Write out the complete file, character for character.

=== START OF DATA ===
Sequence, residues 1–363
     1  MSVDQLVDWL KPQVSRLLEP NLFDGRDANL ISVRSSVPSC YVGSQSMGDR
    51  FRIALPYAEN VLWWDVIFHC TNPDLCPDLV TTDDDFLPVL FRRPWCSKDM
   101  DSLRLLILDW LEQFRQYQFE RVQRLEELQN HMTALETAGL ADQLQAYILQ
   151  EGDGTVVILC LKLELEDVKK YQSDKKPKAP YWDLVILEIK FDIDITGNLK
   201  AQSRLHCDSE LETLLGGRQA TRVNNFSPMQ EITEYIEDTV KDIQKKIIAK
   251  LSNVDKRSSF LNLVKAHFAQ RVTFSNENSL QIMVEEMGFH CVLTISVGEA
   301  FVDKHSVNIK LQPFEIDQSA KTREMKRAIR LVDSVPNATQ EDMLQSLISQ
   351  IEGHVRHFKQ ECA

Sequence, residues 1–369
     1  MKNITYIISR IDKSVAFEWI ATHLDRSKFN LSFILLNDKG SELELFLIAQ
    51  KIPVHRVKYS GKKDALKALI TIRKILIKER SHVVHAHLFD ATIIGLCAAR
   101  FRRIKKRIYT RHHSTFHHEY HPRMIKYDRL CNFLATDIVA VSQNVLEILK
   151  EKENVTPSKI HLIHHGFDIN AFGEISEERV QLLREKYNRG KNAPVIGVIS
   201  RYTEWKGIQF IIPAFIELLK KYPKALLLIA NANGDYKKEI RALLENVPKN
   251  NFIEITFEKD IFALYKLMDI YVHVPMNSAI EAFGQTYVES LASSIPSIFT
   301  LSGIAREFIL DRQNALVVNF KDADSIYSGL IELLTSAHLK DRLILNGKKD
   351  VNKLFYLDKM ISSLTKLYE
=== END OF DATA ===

Sequence, residues 1–363
     1  MSVDQLVDWL KPQVSRLLEP NLFDGRDANL ISVRSSVPSC YVGSQSMGDR
    51  FRIALPYAEN VLWWDVIFHC TNPDLCPDLV TTDDDFLPVL FRRPWCSKDM
   101  DSLRLLILDW LEQFRQYQFE RVQRLEELQN HMTALETAGL ADQLQAYILQ
   151  EGDGTVVILC LKLELEDVKK YQSDKKPKAP YWDLVILEIK FDIDITGNLK
   201  AQSRLHCDSE LETLLGGRQA TRVNNFSPMQ EITEYIEDTV KDIQKKIIAK
   251  LSNVDKRSSF LNLVKAHFAQ RVTFSNENSL QIMVEEMGFH CVLTISVGEA
   301  FVDKHSVNIK LQPFEIDQSA KTREMKRAIR LVDSVPNATQ EDMLQSLISQ
   351  IEGHVRHFKQ ECA

Sequence, residues 1–369
     1  MKNITYIISR IDKSVAFEWI ATHLDRSKFN LSFILLNDKG SELELFLIAQ
    51  KIPVHRVKYS GKKDALKALI TIRKILIKER SHVVHAHLFD ATIIGLCAAR
   101  FRRIKKRIYT RHHSTFHHEY HPRMIKYDRL CNFLATDIVA VSQNVLEILK
   151  EKENVTPSKI HLIHHGFDIN AFGEISEERV QLLREKYNRG KNAPVIGVIS
   201  RYTEWKGIQF IIPAFIELLK KYPKALLLIA NANGDYKKEI RALLENVPKN
   251  NFIEITFEKD IFALYKLMDI YVHVPMNSAI EAFGQTYVES LASSIPSIFT
   301  LSGIAREFIL DRQNALVVNF KDADSIYSGL IELLTSAHLK DRLILNGKKD
   351  VNKLFYLDKM ISSLTKLYE